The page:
A former IRA chief told detectives investigating the kidnapping of a supermarket boss that he was at a hidden camp where the captive was held, it was claimed in court today.
Brendan McFarlane is alleged to have accepted fingerprint evidence that gardaí believed proved his presence at the scene during the 1983 kidnapping of Don Tidey.
Retired Detective Garda James Hanley told Dublin’s Special Criminal Court that the 56-year-old also said he was prepared for the worst.
“I was there. You can prove that. But I will not talk about it,” the former garda read from his interview notes.
Mr McFarlane’s legal team denied he made any admission in Dundalk garda station.
Mr Tidey was snatched outside his Dublin home by an armed gang and held captive for more than three weeks in a secluded Co Leitrim wood before being rescued by the security forces.
McFarlane, of Jamaica Street, Belfast, has pleaded not guilty to three charges linked with the crime.
Mr Hanley told the court that McFarlane said “he was prepared for the big one” and had already discussed the future with his partner.
When asked if he was talking about murder, McFarlane is alleged to have said: “I am prepared for the worst.”
McFarlane was said to have told officers he met his partner, Lena Halkjaer, from Copenhagen in Denmark, while on the run on the Continent 10 years earlier and had moved back to Belfast the previous year.
He said she knew why he had been arrested on a commuter bus in Dundalk in January 1998. “Yes, I told her everything,” McFarlane is claimed to have said.
“I find it’s best in situations like this to tell the truth.”
Mr Hanley, a member of the National Bureau of Criminal Investigation (NBCI) who had 30 years’ service at the time, said McFarlane later refused to comment on claims that his fingerprints were found on kitchen utensils, Tupperware and a milk carton in Derrada Wood at Drumcronan, Ballinamore.
Hugh Hartnett SC, for McFarlane, accused the retired garda and his colleague, Detective Superintendent Dominic Hayes, of fabricating his client's admission.
The barrister also quizzed the detectives on why they never mentioned their apparent breakthrough in later interviews with the former IRA chief.
Mr Hartnett then listed a litany of criticisms recorded by judges against the detectives and their colleagues in the late 1990s in a number of high- profile and controversial cases in the Republic.
They included investigations into the murders of journalist Veronica Guerin and Dublin woman Geraldine Diver, the questioning of Colm Murphy after the Omagh bombing, and the Morris Tribunal.
The barrister said Mr Hanley had been criticised during the conviction of drug dealer John Gilligan – who was believed to be involved in the shooting of Ms Guerin – for not keeping a record of several meetings he had with two key witnesses.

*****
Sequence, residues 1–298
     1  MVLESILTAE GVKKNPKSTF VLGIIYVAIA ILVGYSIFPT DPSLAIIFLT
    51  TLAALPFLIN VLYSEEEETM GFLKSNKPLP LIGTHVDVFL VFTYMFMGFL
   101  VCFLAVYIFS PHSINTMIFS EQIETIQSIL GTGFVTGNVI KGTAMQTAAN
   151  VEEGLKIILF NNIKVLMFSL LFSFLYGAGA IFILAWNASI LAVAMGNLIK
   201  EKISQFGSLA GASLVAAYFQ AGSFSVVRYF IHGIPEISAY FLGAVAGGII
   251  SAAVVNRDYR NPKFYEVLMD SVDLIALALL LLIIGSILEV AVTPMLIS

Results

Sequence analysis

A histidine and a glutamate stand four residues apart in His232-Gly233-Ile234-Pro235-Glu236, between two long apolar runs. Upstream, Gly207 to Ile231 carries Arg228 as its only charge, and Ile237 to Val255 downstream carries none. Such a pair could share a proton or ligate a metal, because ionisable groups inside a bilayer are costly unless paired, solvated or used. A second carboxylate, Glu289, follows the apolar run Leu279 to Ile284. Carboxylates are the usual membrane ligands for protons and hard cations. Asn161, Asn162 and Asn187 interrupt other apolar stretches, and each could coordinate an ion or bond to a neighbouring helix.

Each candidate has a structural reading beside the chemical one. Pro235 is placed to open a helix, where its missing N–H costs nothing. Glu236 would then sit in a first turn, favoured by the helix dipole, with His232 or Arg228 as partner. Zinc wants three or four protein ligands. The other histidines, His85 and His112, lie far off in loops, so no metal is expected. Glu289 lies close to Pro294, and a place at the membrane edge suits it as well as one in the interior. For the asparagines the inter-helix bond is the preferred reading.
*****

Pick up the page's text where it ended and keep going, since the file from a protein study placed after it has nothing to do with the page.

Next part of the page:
In a separate case involving another Guerin suspect, a judge found Paul Ward’s partner had been subjected to grievous psychological pressure by Mr Hanley.
Elsewhere, the failure of officers to record two out of five interviews given by John Diver in December 1998 was “a gross, deliberate and conscious breach of regulations.”
Mr Hanley and Mr Hayes, who had not dated or timed their statements, were among the teams involved.
The 2002 conviction against Murphy in connection with Omagh was later overturned following claims that two other officers lied during his trial and had rewritten interview notes.
Mr Hartnett said his client never made an admission to being in the wood to officers.
“My suggestion to you is my client, Mr McFarlane, remained silent throughout these interviews and he did not make the statement or the words you contained in your memo of interview,” he said to Mr Hanley.
“That his words in relation to reference to the wood were never spoken.”
The detective replied: “The words, yes, they were spoken.”
McFarlane was jailed in 1974 in the Maze prison near Belfast for his part in the IRA bombing of a bar in the city’s Shankill Road in which five people were killed.
He was the head of the Provisional IRA prisoners at the Maze and escaped in the mass breakout by 38 inmates in September 1983.
He was arrested in Amsterdam in early 1986, extradited to Northern Ireland and released on parole from the Maze in 1997.
He was arrested for unlawful possession of firearms on January 5, 1998 as he travelled on a commuter bus between Belfast and Dublin.
He currently denies one charge of imprisoning Mr Tidey and two firearms offences.
Trainee Garda Gary Sheehan, 23, from Carrickmacross, Co Monaghan, and Patrick Kelly, 35, an Army private from Moate, Co Westmeath, were both shot dead during Mr Tidey’s rescue.